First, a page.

Based on computer numerically controlled (CNC) fusion processes, infrared (IR) fusion, conventional butt fusion and electrofusion provide consistent and repeatable fusion joints for HDPE piping.
In infrared fusion joining, the fusion areas of the components are heated without contacting the heater element, joined by pressure and verified by measuring material overlap distance.1
Conventional butt fusion also uses a heater element; however, the material is heated by direct contact with the element, and a specific and consistent computer controlled pressure is applied throughout the entire fusion process.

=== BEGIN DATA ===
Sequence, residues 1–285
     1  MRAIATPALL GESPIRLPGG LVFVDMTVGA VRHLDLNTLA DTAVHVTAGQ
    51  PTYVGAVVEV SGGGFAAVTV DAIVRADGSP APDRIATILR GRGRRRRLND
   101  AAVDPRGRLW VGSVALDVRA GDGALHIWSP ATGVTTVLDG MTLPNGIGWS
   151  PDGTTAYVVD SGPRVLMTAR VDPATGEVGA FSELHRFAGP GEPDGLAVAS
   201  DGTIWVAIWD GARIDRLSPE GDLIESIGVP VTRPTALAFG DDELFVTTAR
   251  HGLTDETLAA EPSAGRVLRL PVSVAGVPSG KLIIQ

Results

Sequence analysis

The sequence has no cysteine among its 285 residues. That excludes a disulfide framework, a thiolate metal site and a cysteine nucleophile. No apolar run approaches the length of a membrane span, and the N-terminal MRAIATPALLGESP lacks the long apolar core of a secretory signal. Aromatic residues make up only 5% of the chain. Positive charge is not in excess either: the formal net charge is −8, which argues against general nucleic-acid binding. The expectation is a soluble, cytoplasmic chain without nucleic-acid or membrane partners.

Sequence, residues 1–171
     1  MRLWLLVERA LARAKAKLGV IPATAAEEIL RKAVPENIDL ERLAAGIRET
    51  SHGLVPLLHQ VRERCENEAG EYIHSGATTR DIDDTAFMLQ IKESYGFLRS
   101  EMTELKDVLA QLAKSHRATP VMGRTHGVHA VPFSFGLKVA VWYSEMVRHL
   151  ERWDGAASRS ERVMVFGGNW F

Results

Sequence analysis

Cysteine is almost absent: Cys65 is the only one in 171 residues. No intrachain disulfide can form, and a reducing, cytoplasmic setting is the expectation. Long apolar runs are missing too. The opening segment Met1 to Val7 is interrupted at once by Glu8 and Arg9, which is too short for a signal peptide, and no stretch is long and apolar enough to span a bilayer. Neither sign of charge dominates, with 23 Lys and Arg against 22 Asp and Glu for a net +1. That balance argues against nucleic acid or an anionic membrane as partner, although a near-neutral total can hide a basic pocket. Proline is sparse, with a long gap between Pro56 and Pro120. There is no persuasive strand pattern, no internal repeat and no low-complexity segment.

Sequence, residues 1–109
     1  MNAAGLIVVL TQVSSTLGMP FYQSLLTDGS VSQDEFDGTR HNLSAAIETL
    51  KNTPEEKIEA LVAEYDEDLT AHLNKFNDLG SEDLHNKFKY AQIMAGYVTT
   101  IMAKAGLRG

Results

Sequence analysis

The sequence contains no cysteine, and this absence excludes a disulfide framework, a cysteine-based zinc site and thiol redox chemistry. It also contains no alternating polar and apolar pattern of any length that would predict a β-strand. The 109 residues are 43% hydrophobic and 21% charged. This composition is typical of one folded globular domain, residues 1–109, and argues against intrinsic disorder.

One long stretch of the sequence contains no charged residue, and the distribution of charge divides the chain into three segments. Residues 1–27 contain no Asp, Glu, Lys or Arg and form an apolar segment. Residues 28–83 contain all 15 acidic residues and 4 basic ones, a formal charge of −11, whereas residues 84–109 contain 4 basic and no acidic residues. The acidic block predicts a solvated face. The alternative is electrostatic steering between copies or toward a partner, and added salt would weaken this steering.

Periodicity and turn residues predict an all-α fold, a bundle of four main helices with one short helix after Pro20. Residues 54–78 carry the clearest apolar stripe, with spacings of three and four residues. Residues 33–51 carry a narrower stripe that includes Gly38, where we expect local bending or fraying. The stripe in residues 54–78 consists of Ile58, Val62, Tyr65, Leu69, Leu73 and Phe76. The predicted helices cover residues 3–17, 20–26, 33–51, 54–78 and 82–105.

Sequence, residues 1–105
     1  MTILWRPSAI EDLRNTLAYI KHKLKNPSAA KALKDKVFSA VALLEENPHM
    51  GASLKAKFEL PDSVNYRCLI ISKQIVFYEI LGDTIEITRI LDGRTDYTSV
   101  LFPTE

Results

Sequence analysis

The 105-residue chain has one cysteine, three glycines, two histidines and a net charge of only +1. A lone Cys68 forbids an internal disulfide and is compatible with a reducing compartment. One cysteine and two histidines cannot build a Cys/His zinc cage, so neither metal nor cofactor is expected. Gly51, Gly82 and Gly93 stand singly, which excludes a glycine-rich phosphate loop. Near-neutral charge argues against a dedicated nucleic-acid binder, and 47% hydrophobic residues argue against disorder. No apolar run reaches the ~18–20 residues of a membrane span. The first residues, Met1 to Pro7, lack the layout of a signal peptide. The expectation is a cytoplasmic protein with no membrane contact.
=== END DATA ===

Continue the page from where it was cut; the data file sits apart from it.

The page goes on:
With electrofusion, the heating element is embedded in socket-style fittings and is heated through electrical resistance. By creating interference between spigot and socket, the heating of HDPE and the resulting material expansion work to create a homogenous bond between the socket and the spigot.
1. Georg Fischer Inc., IR Plus Infrared Butt Fusion Technology, Fi5266/4a (3.04).